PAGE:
Brussels sprouts are a breed of wild cabbage grown for its small size at maturity. Brussel sprouts are
typically 1 to 1.5 inches in diameter and grow on a thick stalk with the buds in a spiral. Your local grocery store should carry them either in a bag or loose.
The Brussels sprouts should be a green and white color. Their leaves should be intact, and each one should be a little heavy if they are fresh. The older they are, the lighter they are because they lose water as they get older. Make sure you stay away from Brussels sprouts with black spots because they indicate that the sprouts could have a musty flavor.
How to cook them
Use a sharp knife to cut off the growing end, about a half-inch from the end.
Using your fingers, remove the dull outer leaves to reveal the fresh, vibrant leaves underneath.
Take your knife and cut the Brussels sprouts in halves or quarters. Halves: Cut the sprout into two pieces, making sure to cut through the growing end. Quarters: Cut each sprout into four pieces, again making sure to cut through the growing end.
After the sprouts are cut, toss them with olive oil, salt and pepper. Toss with a little ancho chili pepper and small pieces of dried apricot and cranberry for a special treat.
Place on a greased baking sheet and bake in a 350-degree oven for 25 to 30 minutes. Use a spatula to flip the vegetables a few times during the cooking process. (Quartered brussels sprouts will cook more quickly than the halved ones.)
Risotto is an Italian short grain rice that cooks best at a long slow temperature. It has a creamy and starchy consistency that pairs well with a variety of flavors. Most grocery stores carry risotto, usually on the rice aisle.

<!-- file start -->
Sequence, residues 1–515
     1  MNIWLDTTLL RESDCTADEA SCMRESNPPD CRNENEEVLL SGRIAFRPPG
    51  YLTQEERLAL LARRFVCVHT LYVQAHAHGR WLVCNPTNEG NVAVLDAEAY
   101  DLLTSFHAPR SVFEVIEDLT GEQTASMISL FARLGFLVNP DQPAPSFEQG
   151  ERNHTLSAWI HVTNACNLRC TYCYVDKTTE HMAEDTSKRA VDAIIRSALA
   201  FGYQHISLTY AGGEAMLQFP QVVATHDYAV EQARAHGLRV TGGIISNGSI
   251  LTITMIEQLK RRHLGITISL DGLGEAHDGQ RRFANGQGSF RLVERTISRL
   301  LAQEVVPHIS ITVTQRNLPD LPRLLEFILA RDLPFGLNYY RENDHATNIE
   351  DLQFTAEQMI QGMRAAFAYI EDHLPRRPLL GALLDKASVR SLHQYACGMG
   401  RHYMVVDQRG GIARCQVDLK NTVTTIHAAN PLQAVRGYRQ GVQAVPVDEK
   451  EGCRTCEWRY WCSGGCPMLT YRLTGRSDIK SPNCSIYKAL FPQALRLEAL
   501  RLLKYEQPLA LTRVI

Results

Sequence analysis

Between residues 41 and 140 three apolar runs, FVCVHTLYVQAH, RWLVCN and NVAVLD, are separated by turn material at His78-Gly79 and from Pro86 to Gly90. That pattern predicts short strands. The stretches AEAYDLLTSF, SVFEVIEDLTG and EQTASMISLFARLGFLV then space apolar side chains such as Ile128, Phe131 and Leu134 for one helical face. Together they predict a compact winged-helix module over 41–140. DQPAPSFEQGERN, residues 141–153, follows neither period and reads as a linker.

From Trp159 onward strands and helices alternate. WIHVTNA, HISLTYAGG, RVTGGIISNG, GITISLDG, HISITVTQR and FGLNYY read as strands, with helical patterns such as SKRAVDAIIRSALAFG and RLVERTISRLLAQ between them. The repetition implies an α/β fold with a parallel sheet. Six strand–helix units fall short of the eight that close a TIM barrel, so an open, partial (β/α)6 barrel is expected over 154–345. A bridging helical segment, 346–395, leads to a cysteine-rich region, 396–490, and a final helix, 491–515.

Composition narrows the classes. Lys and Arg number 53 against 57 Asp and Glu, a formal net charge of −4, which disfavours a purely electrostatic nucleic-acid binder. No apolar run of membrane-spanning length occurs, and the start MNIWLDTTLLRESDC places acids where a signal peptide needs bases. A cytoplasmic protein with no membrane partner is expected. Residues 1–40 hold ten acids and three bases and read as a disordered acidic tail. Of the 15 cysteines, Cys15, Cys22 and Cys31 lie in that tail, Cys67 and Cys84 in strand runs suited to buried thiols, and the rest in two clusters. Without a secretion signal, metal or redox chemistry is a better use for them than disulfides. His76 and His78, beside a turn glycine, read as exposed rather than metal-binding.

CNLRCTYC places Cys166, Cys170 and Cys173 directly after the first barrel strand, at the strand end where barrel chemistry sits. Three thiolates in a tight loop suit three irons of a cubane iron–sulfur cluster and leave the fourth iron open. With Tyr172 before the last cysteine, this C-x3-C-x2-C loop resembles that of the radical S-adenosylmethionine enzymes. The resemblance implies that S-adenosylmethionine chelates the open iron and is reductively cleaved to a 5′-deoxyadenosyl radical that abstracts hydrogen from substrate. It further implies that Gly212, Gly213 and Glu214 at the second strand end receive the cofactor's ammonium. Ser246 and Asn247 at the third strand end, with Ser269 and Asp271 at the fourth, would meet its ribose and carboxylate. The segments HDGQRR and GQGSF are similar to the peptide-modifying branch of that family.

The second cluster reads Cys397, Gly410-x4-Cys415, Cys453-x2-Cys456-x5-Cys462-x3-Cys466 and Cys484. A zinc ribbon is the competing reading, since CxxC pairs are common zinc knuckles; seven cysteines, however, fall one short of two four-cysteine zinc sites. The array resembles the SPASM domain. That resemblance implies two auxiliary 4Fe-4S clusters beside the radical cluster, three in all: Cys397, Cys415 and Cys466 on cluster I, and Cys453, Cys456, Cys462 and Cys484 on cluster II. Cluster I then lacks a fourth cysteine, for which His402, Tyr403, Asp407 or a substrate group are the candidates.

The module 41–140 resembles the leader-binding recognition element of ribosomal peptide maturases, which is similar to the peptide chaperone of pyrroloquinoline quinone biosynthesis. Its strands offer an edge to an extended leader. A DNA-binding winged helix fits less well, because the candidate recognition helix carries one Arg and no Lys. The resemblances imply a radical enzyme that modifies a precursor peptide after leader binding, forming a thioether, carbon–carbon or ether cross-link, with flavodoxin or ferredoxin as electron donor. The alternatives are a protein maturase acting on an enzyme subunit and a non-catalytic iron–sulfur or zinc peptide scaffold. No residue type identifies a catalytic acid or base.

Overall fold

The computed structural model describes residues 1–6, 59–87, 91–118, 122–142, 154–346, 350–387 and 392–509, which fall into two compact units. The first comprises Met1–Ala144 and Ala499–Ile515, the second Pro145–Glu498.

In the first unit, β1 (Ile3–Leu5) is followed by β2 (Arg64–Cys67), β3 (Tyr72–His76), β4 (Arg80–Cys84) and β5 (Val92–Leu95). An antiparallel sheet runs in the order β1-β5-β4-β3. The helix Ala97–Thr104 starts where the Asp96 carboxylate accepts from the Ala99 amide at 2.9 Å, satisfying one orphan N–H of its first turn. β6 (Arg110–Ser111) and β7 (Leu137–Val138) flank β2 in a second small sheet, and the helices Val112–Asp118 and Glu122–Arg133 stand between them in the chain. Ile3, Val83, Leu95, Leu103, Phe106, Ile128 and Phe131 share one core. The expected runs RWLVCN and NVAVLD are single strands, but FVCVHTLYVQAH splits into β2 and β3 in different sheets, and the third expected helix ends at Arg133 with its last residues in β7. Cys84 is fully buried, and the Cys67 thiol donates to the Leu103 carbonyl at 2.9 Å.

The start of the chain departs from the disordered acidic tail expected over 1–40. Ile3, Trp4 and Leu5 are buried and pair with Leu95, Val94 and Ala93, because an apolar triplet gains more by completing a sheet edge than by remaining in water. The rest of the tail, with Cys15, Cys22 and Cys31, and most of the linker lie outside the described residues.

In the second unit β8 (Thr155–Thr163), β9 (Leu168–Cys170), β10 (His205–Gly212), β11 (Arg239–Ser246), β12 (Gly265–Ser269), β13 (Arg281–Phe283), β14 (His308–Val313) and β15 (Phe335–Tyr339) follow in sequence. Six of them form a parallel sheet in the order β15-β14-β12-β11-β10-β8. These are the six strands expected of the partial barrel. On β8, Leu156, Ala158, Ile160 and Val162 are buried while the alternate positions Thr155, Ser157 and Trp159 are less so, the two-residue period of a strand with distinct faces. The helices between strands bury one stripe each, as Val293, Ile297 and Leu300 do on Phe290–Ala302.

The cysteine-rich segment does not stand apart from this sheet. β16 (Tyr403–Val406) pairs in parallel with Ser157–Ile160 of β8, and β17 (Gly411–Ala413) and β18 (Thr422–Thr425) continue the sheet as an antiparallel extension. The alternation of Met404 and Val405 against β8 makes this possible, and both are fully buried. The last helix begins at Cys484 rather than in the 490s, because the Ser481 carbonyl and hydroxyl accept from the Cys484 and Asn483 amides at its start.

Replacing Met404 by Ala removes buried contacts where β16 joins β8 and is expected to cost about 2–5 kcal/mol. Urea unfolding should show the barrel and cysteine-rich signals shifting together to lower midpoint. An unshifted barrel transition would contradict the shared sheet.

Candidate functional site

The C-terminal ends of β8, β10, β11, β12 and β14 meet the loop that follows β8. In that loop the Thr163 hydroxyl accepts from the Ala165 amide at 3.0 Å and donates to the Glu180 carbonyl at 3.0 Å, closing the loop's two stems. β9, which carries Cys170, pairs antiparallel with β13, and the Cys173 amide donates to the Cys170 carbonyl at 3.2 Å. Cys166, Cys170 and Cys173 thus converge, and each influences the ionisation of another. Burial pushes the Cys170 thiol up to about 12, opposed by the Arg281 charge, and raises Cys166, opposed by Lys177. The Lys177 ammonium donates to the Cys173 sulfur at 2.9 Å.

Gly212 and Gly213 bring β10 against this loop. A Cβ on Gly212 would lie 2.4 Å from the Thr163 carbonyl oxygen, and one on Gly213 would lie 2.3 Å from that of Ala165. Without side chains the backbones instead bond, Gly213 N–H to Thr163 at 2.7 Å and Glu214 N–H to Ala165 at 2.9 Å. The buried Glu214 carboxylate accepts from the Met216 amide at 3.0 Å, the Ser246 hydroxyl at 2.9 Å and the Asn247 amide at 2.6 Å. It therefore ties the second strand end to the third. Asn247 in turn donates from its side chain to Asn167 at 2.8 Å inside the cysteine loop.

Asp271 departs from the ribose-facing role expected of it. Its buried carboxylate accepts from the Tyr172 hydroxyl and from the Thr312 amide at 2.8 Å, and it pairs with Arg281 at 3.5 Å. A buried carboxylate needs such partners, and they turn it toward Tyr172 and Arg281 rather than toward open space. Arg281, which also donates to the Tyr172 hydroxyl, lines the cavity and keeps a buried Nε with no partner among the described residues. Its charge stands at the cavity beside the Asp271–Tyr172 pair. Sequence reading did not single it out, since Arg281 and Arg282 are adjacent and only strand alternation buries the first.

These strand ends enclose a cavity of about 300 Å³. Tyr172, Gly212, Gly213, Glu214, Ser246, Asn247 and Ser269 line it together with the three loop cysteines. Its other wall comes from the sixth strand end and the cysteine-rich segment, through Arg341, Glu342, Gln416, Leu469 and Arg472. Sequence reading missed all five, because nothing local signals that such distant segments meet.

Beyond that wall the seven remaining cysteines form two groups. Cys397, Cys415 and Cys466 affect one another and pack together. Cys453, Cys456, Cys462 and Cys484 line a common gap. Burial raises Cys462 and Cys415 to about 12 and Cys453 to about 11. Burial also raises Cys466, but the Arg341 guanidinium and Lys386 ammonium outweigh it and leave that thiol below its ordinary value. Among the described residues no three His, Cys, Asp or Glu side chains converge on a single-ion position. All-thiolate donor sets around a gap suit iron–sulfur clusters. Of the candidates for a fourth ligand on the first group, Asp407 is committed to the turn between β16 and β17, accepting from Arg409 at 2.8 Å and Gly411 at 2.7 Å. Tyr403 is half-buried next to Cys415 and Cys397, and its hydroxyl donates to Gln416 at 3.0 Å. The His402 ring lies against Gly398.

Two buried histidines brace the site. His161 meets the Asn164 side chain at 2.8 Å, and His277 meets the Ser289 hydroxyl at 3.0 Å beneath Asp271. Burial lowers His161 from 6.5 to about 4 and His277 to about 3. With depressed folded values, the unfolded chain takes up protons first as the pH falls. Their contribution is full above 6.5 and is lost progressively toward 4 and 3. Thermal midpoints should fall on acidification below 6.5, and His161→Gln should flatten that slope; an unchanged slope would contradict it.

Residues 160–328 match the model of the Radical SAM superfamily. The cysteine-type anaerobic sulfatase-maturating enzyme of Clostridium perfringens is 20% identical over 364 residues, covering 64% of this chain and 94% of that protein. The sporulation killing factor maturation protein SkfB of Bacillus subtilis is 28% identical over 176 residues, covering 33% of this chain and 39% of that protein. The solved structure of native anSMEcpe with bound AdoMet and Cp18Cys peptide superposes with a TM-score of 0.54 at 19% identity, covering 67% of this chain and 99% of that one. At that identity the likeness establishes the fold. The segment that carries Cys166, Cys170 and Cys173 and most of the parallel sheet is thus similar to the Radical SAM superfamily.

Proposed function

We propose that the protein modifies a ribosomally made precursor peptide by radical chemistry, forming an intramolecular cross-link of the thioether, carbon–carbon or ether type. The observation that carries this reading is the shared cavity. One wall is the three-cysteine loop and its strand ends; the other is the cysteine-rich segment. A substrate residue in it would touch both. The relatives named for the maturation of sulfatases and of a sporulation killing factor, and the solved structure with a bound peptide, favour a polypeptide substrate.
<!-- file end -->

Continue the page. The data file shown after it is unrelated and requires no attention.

Buy risotto in a box where it’s kept in a cryovacked bag to keep it fresh. There are many quick-cooking risottos, but they’re not as good as the slow-cooked version done on the stovetop.
How to cook it
1 cup Arborio rice
1 small yellow onion, diced
¼ cup white wine, and a glass for you while you cook!
4 cups chicken stock
½ stick (2 ounces, or 4 tablespoons) unsalted butter
1/2 cup each grated Parmesan and pecorino
Salt and pepper to taste
Add a little olive oil to a sauté pan and sauté the onions. Make sure that they are glossy, aromatic and soft.
Next heat the chicken stock in another pot. (I always forget to do this, but it is really important because it cooks into the rice faster.)
Next add the Arborio rice into the pot with the onions.
Use a few chef pinches of salt and toast slightly.
Take the pot off the fire and add the wine, and then put it back on the fire and reduce the wine until the rice has absorbed it completely.
Make sure the fire is on medium low. After the wine cooks into the rice, slowly begin to add your heated chicken stock (not all at once!), stirring with a flat edged spoon. This will help to scrape the rice from the bottom of the pot. Continue to slowly add the chicken stock until the rice is soft but not mushy; you may not add all of the chicken stock.
Add the cheese and butter to the risotto.
Top with cracked fresh pepper and grated cheese. Serve.
For another look at making risotto: